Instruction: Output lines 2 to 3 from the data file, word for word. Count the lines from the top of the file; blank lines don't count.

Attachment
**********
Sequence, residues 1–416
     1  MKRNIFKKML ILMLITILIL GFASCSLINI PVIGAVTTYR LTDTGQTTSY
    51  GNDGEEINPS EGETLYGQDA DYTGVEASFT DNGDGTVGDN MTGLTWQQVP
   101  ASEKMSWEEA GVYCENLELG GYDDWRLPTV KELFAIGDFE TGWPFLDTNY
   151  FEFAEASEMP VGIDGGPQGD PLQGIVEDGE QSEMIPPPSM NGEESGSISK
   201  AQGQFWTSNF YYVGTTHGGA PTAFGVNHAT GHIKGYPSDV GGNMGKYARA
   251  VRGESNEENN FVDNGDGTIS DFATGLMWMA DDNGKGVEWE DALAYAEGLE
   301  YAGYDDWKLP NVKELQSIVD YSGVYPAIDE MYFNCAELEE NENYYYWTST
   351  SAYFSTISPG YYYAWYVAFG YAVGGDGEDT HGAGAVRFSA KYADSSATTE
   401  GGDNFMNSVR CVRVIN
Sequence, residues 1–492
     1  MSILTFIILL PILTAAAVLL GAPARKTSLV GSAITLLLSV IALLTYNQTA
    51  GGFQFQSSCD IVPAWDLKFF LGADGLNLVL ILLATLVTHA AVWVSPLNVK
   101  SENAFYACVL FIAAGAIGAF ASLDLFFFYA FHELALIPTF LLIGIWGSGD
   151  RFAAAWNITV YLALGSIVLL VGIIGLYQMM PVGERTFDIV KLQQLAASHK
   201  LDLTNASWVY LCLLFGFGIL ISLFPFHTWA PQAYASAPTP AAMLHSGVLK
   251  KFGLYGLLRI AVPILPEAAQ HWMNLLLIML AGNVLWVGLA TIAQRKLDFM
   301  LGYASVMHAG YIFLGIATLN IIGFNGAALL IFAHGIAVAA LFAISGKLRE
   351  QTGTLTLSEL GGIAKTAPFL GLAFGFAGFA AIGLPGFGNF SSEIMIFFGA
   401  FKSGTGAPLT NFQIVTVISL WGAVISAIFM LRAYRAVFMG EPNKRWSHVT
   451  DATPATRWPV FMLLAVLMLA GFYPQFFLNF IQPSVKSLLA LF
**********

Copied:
     1  MKRNIFKKML ILMLITILIL GFASCSLINI PVIGAVTTYR LTDTGQTTSY
    51  GNDGEEINPS EGETLYGQDA DYTGVEASFT DNGDGTVGDN MTGLTWQQVP